CHRIS: The biggest surprise was how passionate some people got over the message of Jesus. And it wasn’t always positive passion. One person asked me angrily (at least it felt that way reading the words on Facebook) why I was doing this. Others seemed to chafe at particular points of Jesus’s words that had direct correlation to their life’s circumstances. One minor surprise was a friend who took issue with me putting out the words of Jesus but NOT including the biblical address. My simple answer was that the Bible originally had no chapter and verse divisions – those were a later addition. The key is the content, which had been passed down from Christian to Christian for hundreds and hundreds of years before the addition of chapter and verse markings.

What did you learn?

ERIC: A couple of things: Scripture is challenging enough. You don’t always need to add your commentary to challenge others. The other was not everyone is going to agree with Jesus. Some will boldly oppose Him on issues because they want to be comfortable in their sin.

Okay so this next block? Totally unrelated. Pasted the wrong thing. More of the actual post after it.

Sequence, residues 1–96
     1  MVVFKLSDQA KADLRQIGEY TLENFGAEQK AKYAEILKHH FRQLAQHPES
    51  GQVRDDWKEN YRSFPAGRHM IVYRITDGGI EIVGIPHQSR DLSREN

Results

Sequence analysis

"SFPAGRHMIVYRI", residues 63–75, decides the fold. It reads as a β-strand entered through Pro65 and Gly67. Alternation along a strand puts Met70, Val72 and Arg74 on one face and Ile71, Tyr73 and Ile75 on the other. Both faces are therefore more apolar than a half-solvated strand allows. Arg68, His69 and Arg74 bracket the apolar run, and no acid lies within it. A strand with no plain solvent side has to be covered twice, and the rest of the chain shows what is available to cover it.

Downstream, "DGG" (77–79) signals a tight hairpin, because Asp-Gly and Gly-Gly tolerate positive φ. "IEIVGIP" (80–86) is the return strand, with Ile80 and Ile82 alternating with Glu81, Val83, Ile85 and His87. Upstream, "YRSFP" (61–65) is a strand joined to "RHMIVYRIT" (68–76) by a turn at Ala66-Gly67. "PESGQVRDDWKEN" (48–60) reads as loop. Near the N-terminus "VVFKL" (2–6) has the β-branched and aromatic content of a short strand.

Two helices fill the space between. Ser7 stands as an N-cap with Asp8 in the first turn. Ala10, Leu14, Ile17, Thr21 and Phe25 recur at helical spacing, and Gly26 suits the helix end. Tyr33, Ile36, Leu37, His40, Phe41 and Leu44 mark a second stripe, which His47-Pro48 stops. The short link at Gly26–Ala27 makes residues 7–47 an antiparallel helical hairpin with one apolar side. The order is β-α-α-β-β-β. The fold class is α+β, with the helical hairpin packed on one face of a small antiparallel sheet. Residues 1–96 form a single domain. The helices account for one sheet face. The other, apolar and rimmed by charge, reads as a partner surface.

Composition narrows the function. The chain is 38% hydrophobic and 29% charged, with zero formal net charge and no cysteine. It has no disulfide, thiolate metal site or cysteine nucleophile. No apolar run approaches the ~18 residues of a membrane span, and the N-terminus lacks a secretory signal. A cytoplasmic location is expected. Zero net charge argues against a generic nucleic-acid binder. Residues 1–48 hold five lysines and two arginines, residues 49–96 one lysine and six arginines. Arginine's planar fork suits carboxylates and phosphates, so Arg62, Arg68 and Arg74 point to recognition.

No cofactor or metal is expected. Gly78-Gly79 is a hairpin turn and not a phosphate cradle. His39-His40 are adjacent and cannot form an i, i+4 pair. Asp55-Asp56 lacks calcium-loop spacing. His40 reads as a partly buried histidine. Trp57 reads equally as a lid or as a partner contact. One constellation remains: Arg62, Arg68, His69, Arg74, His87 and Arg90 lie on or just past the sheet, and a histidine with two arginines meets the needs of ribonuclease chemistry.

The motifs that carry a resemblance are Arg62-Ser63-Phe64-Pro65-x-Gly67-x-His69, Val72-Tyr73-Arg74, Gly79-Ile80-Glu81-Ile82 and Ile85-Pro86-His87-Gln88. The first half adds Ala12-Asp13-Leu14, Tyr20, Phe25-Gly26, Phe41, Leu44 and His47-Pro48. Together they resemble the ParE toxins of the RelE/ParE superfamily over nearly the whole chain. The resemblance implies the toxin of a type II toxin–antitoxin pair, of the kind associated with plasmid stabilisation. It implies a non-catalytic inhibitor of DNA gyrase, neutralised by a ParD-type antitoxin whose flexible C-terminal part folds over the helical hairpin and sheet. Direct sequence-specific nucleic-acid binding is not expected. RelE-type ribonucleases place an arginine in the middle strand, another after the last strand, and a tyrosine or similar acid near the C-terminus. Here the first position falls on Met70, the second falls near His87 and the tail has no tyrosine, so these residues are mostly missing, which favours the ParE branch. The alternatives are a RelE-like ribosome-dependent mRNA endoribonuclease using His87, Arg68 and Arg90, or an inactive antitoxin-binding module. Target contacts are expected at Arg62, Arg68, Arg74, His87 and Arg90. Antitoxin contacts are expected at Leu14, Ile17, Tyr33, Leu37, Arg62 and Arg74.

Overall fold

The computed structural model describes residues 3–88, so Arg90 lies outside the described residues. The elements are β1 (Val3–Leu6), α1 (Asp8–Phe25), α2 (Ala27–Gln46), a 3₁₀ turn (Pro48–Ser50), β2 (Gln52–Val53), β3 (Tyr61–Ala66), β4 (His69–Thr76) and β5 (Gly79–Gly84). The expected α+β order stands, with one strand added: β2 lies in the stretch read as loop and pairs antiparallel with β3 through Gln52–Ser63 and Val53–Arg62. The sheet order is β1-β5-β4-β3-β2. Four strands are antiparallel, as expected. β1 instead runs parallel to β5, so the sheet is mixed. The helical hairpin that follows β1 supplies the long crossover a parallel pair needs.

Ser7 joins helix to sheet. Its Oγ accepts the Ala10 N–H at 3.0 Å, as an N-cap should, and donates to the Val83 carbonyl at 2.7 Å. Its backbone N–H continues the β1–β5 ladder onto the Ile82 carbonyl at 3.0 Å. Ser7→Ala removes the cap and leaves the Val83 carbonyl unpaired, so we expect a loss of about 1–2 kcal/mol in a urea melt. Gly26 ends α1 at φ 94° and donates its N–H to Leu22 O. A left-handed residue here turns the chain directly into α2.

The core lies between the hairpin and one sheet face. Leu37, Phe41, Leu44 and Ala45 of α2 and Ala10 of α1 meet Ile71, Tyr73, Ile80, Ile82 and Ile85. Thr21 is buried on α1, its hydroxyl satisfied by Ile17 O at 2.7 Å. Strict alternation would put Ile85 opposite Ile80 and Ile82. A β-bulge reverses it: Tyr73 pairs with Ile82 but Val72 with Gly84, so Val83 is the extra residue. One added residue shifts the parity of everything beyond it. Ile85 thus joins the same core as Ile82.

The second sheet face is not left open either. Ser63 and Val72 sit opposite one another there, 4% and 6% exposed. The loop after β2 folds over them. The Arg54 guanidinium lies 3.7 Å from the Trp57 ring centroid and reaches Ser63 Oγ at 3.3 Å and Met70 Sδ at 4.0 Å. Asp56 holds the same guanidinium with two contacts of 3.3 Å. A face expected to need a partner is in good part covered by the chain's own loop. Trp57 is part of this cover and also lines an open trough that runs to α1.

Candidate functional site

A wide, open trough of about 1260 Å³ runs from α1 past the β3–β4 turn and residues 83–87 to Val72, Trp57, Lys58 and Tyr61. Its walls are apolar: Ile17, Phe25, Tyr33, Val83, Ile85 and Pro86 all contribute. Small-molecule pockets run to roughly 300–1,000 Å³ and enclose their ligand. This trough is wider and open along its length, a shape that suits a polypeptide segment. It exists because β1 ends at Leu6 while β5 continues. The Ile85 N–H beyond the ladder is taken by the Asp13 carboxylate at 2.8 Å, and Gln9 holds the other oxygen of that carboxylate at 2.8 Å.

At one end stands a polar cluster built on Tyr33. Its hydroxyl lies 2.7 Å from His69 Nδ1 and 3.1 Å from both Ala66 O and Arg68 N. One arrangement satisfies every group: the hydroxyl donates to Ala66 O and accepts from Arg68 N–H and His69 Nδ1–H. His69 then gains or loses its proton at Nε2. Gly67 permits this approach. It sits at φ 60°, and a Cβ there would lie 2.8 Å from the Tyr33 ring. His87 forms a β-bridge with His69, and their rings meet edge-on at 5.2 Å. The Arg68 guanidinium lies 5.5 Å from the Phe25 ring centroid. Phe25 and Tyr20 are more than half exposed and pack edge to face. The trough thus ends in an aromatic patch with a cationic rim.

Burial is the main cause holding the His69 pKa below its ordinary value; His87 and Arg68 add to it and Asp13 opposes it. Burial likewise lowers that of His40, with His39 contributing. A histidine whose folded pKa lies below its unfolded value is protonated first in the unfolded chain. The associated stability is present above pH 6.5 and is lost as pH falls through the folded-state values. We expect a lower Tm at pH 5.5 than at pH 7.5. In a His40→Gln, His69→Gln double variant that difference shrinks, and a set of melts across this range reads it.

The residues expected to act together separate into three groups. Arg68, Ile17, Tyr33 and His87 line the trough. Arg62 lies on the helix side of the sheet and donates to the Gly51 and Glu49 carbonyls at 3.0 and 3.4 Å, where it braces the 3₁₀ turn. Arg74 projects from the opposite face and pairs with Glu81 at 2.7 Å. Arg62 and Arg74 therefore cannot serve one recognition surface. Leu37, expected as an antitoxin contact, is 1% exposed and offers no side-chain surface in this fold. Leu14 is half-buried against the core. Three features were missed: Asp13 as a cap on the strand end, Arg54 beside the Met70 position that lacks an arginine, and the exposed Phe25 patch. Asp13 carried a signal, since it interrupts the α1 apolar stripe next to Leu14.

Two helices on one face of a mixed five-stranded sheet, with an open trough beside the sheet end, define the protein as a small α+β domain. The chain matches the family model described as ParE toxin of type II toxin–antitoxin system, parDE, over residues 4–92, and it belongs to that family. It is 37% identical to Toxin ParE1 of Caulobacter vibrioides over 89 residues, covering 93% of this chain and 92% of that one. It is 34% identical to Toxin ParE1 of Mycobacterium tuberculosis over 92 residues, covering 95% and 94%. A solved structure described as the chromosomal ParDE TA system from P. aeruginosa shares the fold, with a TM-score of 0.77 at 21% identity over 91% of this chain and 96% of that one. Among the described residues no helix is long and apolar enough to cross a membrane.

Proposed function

CHRIS: The biggest thing I learned is that the words of Christ are as relevant today as they EVER were thousands of years ago. They are literally timeless, reaching into the heart of some touchy subjects 21st century Christians wrestle with. To quote the Bible (and not give you the address), “There is nothing new under the sun.” We can preach Jesus until the end of time, because his words will always touch us at the core of our humanity.

What do you hope others learned?

ERIC: The first is enemy love. I’m looking at the Church, watching it’s agape growing cold, growing more hostile. Of course we see that the clearest in the political field. The ones on the right who are the most vocal about their Christianity are also militantly hostile towards those on the left. If you are a TRUE Christian then the left isn’t your enemy. It’s your mission field.